Chemicals Management

Person dropping liquid into a beaker

The global apparel industry accounts for high amounts of manufacturing chemicals use, and the discharge of these chemicals can threaten local water sources and affect people living in surrounding communities.



By Fall 2023

100% of water repellent, stain repellent, and/or weather resistant products are made without PFCs


  • 92% of fabrics with PFC-based finish were successfully converted or exited
  • Fabrics with PFC-based finishes were used in less than 2% of units across our brands, and 38% of products with water- or stain-repellent finishes were made using non-PFC based finishes

Our Approach

Our chemical restrictions, including our Restricted Substances List (RSL), Manufacturing Restricted Substances List (MRSL), and PFC Policy, are informed by global regulations, hazard- and risk-based considerations, and industry guidelines including the AFIRM Group RSL, ZDHC MRSL, and ZDHC Wastewater Guidelines. We communicate our requirements to our suppliers via our Code of Vendor Conduct (COVC) and Mill Minimum Expectations.

We aim to eliminate the discharge of hazardous chemicals within our supply chain, and we are working to phase out chemicals of particular concern, including by eliminating PFCs from our supply chain. . To empower our brands to make informed decisions and support supplier compliance, we have created an internal Dyeing, Finishing and Wet Processing toolkit. To facilitate compliance with our PFC Policy, we maintain an internal list of acceptable non-PFC-based finishes and materials for water repellent and weather-resistant performance, which we share with our suppliers.

Our approach to chemicals management includes three key components:  

  1. Industry partnerships and industry-aligned standards: We partner with industry groups—including the Apparel Impact Institute (Aii), the Apparel and Footwear International RSL Management (AFIRM) Group, and the Sustainable Apparel Coalition (SAC)—to implement a consistent set of tools and processes to support best practices, monitor supplier performance, and encourage the use of safer chemicals.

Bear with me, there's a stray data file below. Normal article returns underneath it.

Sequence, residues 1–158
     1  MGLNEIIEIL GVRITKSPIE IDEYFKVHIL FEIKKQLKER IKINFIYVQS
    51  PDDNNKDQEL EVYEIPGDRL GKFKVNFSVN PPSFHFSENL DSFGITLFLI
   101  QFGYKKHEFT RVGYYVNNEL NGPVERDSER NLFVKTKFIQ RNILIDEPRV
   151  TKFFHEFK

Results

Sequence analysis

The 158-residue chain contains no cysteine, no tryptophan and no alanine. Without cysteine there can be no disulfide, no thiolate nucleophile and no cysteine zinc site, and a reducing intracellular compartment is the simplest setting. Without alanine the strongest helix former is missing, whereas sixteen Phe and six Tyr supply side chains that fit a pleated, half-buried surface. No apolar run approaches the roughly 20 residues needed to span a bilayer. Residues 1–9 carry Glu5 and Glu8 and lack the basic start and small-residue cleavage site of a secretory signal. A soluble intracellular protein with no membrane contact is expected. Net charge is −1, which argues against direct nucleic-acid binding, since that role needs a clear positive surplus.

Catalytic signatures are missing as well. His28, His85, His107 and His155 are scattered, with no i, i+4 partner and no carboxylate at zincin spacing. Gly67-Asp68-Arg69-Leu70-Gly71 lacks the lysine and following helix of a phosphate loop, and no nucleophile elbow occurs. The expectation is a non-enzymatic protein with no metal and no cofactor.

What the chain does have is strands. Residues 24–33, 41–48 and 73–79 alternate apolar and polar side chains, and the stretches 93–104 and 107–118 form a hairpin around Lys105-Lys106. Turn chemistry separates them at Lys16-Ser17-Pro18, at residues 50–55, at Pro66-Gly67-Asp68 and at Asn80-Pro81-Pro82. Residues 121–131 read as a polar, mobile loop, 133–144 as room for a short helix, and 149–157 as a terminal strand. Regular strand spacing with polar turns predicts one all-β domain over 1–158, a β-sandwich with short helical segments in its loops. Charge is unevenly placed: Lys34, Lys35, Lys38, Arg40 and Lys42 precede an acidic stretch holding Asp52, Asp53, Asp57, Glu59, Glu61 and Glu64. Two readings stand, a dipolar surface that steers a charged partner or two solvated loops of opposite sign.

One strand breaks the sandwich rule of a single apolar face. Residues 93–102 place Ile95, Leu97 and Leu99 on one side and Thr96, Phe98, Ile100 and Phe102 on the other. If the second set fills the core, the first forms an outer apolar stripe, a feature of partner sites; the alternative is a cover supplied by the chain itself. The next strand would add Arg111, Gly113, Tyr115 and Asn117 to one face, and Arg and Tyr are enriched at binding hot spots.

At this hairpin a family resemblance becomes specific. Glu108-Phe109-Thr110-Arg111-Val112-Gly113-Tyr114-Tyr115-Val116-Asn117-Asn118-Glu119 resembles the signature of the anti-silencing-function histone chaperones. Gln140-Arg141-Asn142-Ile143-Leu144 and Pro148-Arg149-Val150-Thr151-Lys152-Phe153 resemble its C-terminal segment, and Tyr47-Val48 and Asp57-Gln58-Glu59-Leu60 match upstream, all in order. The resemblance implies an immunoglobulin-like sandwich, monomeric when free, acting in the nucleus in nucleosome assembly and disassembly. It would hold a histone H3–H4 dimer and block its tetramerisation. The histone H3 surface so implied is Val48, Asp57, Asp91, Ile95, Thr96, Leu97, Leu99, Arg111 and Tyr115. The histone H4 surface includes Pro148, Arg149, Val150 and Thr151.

2. Supplier engagement: We expect our priority suppliers to complete the Higg Index Facility Environmental Module (FEM), which, among other aspects of environmental management, evaluates chemicals management practices. We have also integrated chemicals management and wastewater quality requirements into our supply chain programs including our Water Quality Program and our Mill Sustainability Program. We require suppliers to take appropriate corrective actions to address noncompliance.  
  3. Compliance and monitoring: Through third-party testing of products, product components, and wastewater effluent, as well as the use of industry data platforms, we monitor the performance of our supply chain and verify compliance with global chemical regulations and Gap Inc. chemical restrictions. Performance in our chemistry programs informs facility evaluation.

How We Manage Chemicals 

  1. Input Management
    The selection of better chemical inputs and starting materials is an essential part of reducing the use and discharge of hazardous chemicals.
  2. Process Management 
    Adherence to chemicals management best practices during manufacturing is critical for reducing both human and environmental risks.
  3. Output Management
    The outputs of apparel and footwear manufacturing include finished products as well as wastewater.